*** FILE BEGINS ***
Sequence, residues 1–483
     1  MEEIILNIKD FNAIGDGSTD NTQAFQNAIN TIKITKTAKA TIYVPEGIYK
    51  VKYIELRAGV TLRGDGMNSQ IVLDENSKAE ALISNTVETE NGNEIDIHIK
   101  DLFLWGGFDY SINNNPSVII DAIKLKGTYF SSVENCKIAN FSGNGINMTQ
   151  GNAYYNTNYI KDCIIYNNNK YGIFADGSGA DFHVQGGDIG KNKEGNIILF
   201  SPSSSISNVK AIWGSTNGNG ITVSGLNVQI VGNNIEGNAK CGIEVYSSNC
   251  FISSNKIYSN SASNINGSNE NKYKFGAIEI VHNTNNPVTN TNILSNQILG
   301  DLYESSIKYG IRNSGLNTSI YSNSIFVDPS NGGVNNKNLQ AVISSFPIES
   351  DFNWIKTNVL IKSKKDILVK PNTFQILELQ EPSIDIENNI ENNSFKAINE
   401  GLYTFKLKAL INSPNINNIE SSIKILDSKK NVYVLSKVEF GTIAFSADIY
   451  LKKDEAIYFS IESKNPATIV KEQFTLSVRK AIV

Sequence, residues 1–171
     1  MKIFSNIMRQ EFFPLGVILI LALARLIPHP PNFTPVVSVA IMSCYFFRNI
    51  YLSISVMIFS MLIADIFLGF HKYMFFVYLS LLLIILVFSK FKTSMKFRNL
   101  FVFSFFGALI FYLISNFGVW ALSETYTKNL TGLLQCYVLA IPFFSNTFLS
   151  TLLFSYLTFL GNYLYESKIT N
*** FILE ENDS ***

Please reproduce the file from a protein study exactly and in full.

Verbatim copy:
Sequence, residues 1–483
     1  MEEIILNIKD FNAIGDGSTD NTQAFQNAIN TIKITKTAKA TIYVPEGIYK
    51  VKYIELRAGV TLRGDGMNSQ IVLDENSKAE ALISNTVETE NGNEIDIHIK
   101  DLFLWGGFDY SINNNPSVII DAIKLKGTYF SSVENCKIAN FSGNGINMTQ
   151  GNAYYNTNYI KDCIIYNNNK YGIFADGSGA DFHVQGGDIG KNKEGNIILF
   201  SPSSSISNVK AIWGSTNGNG ITVSGLNVQI VGNNIEGNAK CGIEVYSSNC
   251  FISSNKIYSN SASNINGSNE NKYKFGAIEI VHNTNNPVTN TNILSNQILG
   301  DLYESSIKYG IRNSGLNTSI YSNSIFVDPS NGGVNNKNLQ AVISSFPIES
   351  DFNWIKTNVL IKSKKDILVK PNTFQILELQ EPSIDIENNI ENNSFKAINE
   401  GLYTFKLKAL INSPNINNIE SSIKILDSKK NVYVLSKVEF GTIAFSADIY
   451  LKKDEAIYFS IESKNPATIV KEQFTLSVRK AIV

Sequence, residues 1–171
     1  MKIFSNIMRQ EFFPLGVILI LALARLIPHP PNFTPVVSVA IMSCYFFRNI
    51  YLSISVMIFS MLIADIFLGF HKYMFFVYLS LLLIILVFSK FKTSMKFRNL
   101  FVFSFFGALI FYLISNFGVW ALSETYTKNL TGLLQCYVLA IPFFSNTFLS
   151  TLLFSYLTFL GNYLYESKIT N